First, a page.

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George Galloway's antiwar speaking tour
Standing up to the war makers

By Alan Maass | September 23, 2005 | Page 7

BRITISH ANTIWAR leader George Galloway's return to the U.S. provided several of the highlights of the stepped-up antiwar activity leading to the national demonstrations on September 24. The man who last May launched, in the words of CNN's Wolf Blitzer, "a blistering attack on U.S. senators" during testimony before a congressional subcommittee returned this month for a speaking tour across North America.

Sponsored nationally by the New Press (which published Galloway's new book), the Center for Economic Research and Social Change, International Socialist Review magazine and the National Council of Arab Americans, Galloway started out at historic Faneuil Hall in Boston on September 13. Galloway told the crowd of some 400 people that the antiwar movement could stand proudly in the tradition of the British member of parliament Charles James Fox, who was expelled from his seat for supporting the American Revolution against British colonial rule.

The next night, Galloway debated former leftist Christopher Hitchens in front of a full house of 1,200 people at Baruch College's Mason Hall. Democracy Now! host Amy Goodman introduced and moderated the "Grapple in the Apple," as the rowdy crowd, divided between supporters of both speakers, made their feelings known.

Hitchens and Galloway traded pointed barbs, as Hitchens disavowed his anti-imperialist past, coming out as a raging supporter of the "war on terror" and spokesperson for many of the U.S. government's most discredited justifications for the invasion and distortions about the people of Iraq. Shocking many in the audience, Hitchens even defended the Bush administration's response to the Hurricane Katrina.

"What you have witnessed," Galloway declared, "is something unique in natural history--the first-ever metamorphosis from a butterfly back into a slug." "People like Mr. Hitchens," he added, "are ready to fight to the last drop of other people's blood, and it's utterly contemptible."

Over the weekend, Galloway was in Toronto for two huge meetings--one at Convocation Hall at the University of Toronto, and a second at a conference of the Canadian Muslim Association and the Islamic Circle of North America. Galloway began the new week speaking out at the University of Wisconsin to a crowd of 1,000. In Chicago, he spoke at a meeting of 500. In both cities, actor Jane Fonda was set to speak with Galloway, but she had to cancel at the last minute because of health problems.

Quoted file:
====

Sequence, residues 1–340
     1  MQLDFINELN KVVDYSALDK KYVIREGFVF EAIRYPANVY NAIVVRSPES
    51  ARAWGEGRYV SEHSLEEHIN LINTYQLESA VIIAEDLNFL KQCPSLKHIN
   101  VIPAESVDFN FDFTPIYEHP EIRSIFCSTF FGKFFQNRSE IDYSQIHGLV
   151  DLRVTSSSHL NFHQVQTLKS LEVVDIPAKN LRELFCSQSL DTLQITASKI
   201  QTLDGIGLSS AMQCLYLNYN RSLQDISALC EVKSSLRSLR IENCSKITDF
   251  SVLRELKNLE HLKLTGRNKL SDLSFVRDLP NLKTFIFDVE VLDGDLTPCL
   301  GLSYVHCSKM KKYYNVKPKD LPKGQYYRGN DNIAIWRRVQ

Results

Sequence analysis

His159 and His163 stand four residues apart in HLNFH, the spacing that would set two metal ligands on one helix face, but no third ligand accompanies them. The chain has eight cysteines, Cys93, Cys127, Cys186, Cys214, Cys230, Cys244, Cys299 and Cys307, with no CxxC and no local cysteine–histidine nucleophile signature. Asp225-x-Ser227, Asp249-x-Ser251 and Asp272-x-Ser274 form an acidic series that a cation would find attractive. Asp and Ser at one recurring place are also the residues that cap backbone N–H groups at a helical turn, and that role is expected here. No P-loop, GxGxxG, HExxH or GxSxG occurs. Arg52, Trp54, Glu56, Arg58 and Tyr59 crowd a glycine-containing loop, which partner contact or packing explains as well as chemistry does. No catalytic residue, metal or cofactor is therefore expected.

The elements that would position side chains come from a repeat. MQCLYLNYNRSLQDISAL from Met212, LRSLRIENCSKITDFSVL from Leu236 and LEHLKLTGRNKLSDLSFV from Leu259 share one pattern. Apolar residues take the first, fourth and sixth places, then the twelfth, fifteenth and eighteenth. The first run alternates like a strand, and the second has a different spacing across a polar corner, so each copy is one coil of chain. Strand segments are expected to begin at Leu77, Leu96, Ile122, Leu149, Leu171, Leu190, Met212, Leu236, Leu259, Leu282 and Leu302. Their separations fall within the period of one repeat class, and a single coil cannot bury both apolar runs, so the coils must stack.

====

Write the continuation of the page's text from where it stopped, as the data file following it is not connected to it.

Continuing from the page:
As Socialist Worker went to press, Galloway was headed to the West Coast for meetings in Seattle, the San Francisco Bay Area and Los Angeles, before heading to Washington, D.C., for the September 24 antiwar demonstration and an evening panel discussion.

At the New York debate, Hitchens tried to smear Galloway with long-discredited charges that he collaborated with the former Iraqi regime in stealing money from the United Nations oil-for-food program--the same false claims that brought Galloway to the U.S. last May to testify about them before the Senate subcommittee.

Galloway shot back with the facts--that he has answered these accusations many times, including in court. The newly elected member of parliament from the left-wing Respect Coalition recently won a libel case against a British newspaper that accused him of being an agent of Saddam Hussein.

Unfortunately, the right wing isn't alone in recycling old slanders against the British antiwar leader. Investigative journalist Greg Palast and LA Weekly columnist Marc Cooper both chose the days surrounding the New York debate to denounce Galloway as corrupt--as well as a "Brit-hole," "arse-licking" and "swamp thing."

Palast claimed that the British Charity Commission investigation of the Miriam Appeal--an organization formed by Galloway and others after the first Gulf War to oppose the barbaric regime of U.S.-backed economic sanctions--found that "nearly a million dollars can't be accounted for."

Problem: the commission's report of its investigation says nothing of the sort. In announcing the findings in June 2004, the director of operations for the Charity Commission, Simon Gillespie, told reporters, "The commission's thorough inquiry found no evidence to suggest that the large amounts of money given to the Mariam Appeal were not properly used."

Palast went on to make equally wild charges that Galloway has issued "deadly anti-abortion threats" (in reality, Galloway says that, though he is personally opposed to abortion, he supports women's right to make the choice for themselves)--and that he supports death threats against author Salman Rushdie issued by Iran's former Ayatollah Khomeini (a charge fabricated from Rushdie's distorted account of a recent Galloway speech).

For his part, Cooper calls for antiwar activists to "show...up to one of the Galloway events to let him know that apologists for murderers are not welcome amongst us."

These bitter denunciations--recycling old slanders as if they have never been disproved--are indistinguishable from the hyperventilating of the right wing. As Green Party member Dan Raphael wrote in an article posted on the Dissident Voice Web site, "Even in his most trenchant criticism of that other George, the one we Americans know better than we'd like, Mr. Palast has never, to my knowledge, engaged in similar flame-throwing. Mr. Palast--Greg--are you all right? I ask not only because of this venom that I haven't seen you use before, but also because of the target: a person even you have acknowledged as a strong voice in opposition to the war against the Iraqi people."

Petrino DiLeo and Lee Wengraf contributed to this report.

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